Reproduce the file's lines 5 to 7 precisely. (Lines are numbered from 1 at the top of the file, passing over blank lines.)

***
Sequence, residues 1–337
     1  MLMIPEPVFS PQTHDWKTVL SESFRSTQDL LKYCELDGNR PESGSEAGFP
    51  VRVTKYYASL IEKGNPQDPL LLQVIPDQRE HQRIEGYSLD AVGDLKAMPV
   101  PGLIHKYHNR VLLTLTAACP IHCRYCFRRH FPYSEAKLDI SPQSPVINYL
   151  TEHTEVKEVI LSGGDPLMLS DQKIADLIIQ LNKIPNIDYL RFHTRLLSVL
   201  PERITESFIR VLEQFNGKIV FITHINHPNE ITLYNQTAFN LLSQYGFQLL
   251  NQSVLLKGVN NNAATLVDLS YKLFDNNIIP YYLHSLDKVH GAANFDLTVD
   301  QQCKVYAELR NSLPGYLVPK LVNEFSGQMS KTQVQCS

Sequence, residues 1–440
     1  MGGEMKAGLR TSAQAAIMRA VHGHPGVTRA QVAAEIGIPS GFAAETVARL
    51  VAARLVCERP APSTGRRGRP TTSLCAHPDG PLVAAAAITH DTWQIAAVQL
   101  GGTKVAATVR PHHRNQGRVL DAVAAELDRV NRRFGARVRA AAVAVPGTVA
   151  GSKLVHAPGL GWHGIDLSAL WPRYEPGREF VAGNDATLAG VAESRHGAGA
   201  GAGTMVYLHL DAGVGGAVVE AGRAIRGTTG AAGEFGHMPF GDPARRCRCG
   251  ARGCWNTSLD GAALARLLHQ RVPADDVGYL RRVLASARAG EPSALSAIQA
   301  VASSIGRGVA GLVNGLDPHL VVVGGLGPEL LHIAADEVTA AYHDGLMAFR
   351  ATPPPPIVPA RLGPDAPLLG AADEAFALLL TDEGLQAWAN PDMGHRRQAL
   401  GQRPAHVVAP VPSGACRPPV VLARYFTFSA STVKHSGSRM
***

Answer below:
   151  TEHTEVKEVI LSGGDPLMLS DQKIADLIIQ LNKIPNIDYL RFHTRLLSVL
   201  PERITESFIR VLEQFNGKIV FITHINHPNE ITLYNQTAFN LLSQYGFQLL
   251  NQSVLLKGVN NNAATLVDLS YKLFDNNIIP YYLHSLDKVH GAANFDLTVD